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BAGRAM AIR FIELD, Afghanistan — Sixty-four thousand pounds of thrust. Four distinct munitions. Advanced avionics and electronics that can guide a 500-pound bomb to within meters of its target. Some 2,400 gallons of fuel.

And when the ground forces need help in a hurry, these Air Force troops can prep it all in less time than your average wait for an ATM.

While the pilots and weapons systems operators who command the controls of the F-15E fighters often bask in the glory, it’s the enlisted airmen on the ground, working tirelessly in often taxing conditions, who are the difference between success and failure.

Troops such as Senior Airman Nick Schulte, 21, Decorah, Iowa, and Staff Sgt. Joseph Fourine, 27, of Auburn, Mass., who load the guided bomb units and 20 mm tracer rounds onto the fighter jet.

Or Staff Sgt. Donald Lundeen, 24, of Ipana, Ill., and Staff Sgt. Ben Santiago-Rivera, 31, of Penualas, Puerto Rico, who inspect the jet in minute detail after each mission and ensure the cabin pressure and air are up to speed, respectively.

And Tech. Sgt. Tracy Taylor, 32, of Gruver, Texas, and Tech. Sgt. Michael Skiba, 38, of Milwaukee, who work in the back shop fabricating essential parts and measuring bushings down to one-thousandth of an inch.

Without them, the F-15E is little more than a $52 million piece of sleek design.

On their current deployment to Afghanistan, the troops have excelled without so much as a nudge from their commander.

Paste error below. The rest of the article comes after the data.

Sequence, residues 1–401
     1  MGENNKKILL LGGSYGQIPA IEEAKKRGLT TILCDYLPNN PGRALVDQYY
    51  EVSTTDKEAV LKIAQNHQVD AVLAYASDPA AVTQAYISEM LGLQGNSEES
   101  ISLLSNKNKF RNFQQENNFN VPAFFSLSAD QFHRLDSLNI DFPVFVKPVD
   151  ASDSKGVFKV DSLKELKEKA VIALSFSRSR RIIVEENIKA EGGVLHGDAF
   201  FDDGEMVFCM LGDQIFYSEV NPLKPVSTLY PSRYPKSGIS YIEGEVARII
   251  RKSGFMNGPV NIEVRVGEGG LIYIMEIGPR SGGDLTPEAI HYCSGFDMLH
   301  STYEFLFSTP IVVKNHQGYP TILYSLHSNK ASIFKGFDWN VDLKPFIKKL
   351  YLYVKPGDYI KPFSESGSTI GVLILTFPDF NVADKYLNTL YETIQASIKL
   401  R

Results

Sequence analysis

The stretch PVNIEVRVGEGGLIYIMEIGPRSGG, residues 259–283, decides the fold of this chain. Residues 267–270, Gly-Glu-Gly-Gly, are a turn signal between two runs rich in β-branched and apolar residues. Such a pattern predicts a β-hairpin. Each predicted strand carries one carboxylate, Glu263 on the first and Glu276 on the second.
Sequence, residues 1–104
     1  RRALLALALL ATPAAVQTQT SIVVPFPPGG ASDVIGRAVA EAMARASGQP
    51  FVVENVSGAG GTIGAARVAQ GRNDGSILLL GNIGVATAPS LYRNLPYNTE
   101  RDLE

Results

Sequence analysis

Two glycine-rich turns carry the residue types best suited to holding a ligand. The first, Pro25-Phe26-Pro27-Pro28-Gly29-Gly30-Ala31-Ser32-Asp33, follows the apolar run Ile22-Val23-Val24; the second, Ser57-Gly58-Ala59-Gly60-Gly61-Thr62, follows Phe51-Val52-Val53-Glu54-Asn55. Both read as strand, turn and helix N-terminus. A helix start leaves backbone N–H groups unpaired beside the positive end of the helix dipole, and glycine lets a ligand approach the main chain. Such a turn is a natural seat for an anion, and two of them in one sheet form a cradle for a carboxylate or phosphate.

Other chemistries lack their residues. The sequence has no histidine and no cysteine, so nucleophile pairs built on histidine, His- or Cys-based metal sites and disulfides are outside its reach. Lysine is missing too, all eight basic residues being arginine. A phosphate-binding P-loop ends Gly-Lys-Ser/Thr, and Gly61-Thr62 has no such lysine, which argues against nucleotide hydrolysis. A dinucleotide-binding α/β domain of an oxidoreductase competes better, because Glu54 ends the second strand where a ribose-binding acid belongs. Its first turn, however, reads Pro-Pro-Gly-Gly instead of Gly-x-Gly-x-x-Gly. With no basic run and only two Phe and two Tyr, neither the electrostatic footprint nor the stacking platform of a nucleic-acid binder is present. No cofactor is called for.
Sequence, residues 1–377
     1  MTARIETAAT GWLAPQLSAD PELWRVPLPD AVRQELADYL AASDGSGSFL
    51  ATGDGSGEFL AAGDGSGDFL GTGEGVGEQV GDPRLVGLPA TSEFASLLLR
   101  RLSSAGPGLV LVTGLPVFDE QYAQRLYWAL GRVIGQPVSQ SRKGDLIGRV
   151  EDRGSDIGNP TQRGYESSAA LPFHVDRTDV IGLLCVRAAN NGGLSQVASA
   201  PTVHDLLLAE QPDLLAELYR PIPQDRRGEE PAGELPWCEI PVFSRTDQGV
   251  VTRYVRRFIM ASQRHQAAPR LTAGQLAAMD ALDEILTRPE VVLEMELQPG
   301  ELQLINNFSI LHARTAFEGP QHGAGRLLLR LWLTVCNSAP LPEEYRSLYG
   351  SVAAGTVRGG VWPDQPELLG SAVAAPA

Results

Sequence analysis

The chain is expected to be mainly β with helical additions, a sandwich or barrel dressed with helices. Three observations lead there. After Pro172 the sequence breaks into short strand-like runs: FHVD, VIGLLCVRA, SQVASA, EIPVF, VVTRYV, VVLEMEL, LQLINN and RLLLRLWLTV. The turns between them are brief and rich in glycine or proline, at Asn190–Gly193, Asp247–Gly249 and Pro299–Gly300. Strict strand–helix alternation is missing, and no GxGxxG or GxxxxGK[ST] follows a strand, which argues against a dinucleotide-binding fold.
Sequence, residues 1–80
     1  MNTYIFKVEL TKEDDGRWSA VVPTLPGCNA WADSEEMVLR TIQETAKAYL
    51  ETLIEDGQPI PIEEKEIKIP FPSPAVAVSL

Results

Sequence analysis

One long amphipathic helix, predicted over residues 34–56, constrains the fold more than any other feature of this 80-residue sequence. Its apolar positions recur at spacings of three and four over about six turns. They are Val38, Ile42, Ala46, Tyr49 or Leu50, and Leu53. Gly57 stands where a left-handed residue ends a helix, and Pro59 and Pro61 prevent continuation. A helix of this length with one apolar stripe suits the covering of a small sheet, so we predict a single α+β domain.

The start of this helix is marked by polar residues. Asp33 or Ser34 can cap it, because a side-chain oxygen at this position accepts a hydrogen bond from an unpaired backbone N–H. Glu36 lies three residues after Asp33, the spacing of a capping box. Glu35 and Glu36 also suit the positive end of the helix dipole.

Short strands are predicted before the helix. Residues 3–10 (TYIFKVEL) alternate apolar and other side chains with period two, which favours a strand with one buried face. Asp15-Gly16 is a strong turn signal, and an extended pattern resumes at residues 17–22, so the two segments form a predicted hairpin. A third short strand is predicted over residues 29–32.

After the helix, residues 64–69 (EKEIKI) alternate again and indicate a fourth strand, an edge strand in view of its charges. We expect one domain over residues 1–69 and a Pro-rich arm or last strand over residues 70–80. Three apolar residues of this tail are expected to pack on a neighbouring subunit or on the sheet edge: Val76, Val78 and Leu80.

“These maintenance guys have been the best I’ve seen,” said Lt. Col. Troy Stone of the 492nd Fighter Squadron from RAF Lakenheath.

“They’re motivated to get the planes airborne because they believe in the mission. They should take just as much pride in protecting coalition forces and American forces as we do.”

And they do.

Senior Airman Courtney Strickler, 26, of Dallas, is a dedicated crew chief who talks about “her jet” and works with an enthusiasm for the mission that can often lead to bumps and bruises she affectionately brushes off as “eagle bites.”

“If a jet breaks, you bust your butt to get it back in the air. You work hard, you work long, but it’s worth it,” she said. “It takes a lot of work to get this jet in the air and help our brethren on the ground.”

Master Sgt. Jerry Sawyer, 37, of Senath, Mo., ensures the maintenance team has what it needs to succeed. He floats around between the flight line and the back shops helping the airmen achieve a feat few are shy to keep secret: not a single missed sortie on their four-month tour.

“I attribute that to the young men and women out there turning wrenches. They’ve amazed me out there,” Sawyer said.

“They always find a way. It has a lot to do with the mission. Everyone is excited to be here.”


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